Modelling neuroanatomical variation during childhood and adolescence with neighbourhood-preserving embedding

Gareth Ball, Chris Adamson, Richard Beare, Marc L. Seal

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16 Citations (Scopus)


Brain development is a dynamic process with tissue-specific alterations that reflect complex and ongoing biological processes taking place during childhood and adolescence. Accurate identification and modelling of these anatomical processes in vivo with MRI may provide clinically useful imaging markers of individual variability in development. In this study, we use manifold learning to build a model of age- and sex-related anatomical variation using multiple magnetic resonance imaging metrics. Using publicly available data from a large paediatric cohort (n = 768), we apply a multi-metric machine learning approach combining measures of tissue volume, cortical area and cortical thickness into a low-dimensional data representation. We find that neuroanatomical variation due to age and sex can be captured by two orthogonal patterns of brain development and we use this model to simultaneously predict age with a mean error of 1.5-1.6 years and sex with an accuracy of 81%. We validate this model in an independent developmental cohort. We present a framework for modelling anatomical development during childhood using manifold embedding. This model accurately predicts age and sex based on image-derived markers of cerebral morphology and generalises well to independent populations.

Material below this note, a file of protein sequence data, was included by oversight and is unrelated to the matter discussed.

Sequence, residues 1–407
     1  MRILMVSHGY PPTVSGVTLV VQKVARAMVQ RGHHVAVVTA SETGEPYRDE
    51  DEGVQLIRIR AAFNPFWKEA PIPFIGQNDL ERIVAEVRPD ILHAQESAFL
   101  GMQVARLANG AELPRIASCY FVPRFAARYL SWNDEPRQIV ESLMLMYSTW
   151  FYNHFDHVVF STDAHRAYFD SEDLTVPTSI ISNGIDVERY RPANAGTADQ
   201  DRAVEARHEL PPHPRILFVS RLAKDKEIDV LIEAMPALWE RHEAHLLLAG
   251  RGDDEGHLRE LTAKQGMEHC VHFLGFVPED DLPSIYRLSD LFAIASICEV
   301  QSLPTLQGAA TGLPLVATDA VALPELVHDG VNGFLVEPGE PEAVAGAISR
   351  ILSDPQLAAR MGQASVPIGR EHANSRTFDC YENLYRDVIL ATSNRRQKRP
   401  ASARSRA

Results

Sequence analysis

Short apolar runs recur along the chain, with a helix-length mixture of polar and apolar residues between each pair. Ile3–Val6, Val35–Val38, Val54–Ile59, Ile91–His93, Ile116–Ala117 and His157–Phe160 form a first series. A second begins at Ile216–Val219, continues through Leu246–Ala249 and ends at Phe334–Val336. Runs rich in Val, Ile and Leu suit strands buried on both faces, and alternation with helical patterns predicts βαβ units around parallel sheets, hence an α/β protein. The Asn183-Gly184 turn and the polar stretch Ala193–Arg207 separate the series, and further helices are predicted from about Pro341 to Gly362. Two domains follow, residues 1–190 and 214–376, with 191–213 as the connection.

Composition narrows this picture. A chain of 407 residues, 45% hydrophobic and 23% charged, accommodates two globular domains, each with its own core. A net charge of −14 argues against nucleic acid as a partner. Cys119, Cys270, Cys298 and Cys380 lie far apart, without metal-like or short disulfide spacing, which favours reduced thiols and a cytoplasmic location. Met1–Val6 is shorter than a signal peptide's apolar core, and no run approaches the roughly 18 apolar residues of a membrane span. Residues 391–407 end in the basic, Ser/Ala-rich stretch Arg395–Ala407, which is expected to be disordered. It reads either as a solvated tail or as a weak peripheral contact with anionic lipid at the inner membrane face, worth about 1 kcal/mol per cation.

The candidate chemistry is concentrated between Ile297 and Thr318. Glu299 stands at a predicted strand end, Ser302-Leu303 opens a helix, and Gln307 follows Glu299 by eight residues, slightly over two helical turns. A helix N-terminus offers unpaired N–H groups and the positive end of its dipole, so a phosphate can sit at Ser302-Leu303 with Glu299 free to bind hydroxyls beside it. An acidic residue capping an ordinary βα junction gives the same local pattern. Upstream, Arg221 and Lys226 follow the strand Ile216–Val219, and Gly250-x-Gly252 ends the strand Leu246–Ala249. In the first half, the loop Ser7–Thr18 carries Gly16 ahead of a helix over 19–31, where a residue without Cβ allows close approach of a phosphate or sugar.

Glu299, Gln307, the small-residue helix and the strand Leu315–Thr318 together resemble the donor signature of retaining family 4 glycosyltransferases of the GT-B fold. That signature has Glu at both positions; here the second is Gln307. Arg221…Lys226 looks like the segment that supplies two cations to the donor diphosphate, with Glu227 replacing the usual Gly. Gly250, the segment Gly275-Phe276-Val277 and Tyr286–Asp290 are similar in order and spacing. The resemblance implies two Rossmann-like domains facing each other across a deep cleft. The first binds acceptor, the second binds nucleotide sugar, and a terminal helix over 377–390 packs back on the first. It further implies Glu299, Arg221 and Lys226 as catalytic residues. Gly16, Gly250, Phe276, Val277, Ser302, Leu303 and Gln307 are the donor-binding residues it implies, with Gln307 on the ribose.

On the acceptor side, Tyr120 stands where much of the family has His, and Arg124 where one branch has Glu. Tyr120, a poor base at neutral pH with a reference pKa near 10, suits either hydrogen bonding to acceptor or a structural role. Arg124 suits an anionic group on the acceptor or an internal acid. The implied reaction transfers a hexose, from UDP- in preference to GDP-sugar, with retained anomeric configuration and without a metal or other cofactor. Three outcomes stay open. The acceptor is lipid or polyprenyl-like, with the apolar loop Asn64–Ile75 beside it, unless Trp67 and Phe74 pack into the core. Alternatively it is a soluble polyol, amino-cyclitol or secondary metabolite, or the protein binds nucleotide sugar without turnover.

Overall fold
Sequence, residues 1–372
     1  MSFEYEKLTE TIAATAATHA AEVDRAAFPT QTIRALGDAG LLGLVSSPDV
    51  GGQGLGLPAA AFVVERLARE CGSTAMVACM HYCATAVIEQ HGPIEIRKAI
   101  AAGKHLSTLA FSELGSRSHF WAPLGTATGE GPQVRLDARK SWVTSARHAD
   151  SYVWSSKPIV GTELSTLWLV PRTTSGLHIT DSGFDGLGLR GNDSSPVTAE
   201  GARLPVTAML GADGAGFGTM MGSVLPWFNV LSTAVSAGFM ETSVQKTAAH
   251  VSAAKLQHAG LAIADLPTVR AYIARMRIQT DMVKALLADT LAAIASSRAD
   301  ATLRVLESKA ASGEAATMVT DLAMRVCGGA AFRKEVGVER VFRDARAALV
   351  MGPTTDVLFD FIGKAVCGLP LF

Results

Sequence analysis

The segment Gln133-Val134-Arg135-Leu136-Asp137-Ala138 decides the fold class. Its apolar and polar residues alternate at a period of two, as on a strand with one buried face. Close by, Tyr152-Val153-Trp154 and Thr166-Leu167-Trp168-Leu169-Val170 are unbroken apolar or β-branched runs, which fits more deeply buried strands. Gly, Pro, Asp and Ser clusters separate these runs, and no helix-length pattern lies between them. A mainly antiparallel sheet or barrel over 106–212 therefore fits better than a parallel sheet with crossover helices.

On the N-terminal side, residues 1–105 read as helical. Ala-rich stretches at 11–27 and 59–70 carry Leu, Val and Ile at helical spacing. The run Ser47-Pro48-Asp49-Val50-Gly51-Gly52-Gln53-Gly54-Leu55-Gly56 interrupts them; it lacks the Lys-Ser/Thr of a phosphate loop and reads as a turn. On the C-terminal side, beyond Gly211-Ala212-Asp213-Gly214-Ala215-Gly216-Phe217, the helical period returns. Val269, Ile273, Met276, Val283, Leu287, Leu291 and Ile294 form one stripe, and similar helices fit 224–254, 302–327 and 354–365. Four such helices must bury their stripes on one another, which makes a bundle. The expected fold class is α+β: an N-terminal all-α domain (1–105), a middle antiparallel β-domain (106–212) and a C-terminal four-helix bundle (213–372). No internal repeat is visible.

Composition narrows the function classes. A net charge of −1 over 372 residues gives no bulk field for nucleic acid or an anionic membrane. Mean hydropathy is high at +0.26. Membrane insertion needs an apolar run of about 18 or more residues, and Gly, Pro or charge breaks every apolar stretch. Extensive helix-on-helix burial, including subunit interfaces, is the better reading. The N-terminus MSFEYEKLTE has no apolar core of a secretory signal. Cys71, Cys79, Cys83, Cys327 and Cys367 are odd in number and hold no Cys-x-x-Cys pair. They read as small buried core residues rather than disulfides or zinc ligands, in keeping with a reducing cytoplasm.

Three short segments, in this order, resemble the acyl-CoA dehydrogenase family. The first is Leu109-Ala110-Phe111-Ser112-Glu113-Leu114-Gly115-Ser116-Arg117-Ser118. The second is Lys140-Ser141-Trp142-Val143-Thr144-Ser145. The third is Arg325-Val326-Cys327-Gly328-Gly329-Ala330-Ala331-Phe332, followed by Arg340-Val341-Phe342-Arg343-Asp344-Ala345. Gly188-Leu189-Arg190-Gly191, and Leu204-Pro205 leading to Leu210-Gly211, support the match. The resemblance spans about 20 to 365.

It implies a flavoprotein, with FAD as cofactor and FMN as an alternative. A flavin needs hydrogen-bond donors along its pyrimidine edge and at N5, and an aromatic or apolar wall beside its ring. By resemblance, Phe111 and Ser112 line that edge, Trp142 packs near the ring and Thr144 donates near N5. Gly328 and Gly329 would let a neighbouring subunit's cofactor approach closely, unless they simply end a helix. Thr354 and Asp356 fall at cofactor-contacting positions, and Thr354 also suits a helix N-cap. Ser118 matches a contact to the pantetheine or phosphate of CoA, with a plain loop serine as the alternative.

Original languageEnglish
Article number17796
Number of pages12
JournalScientific Reports
Issue number1
Publication statusPublished - 1 Dec 2017
Externally publishedYes

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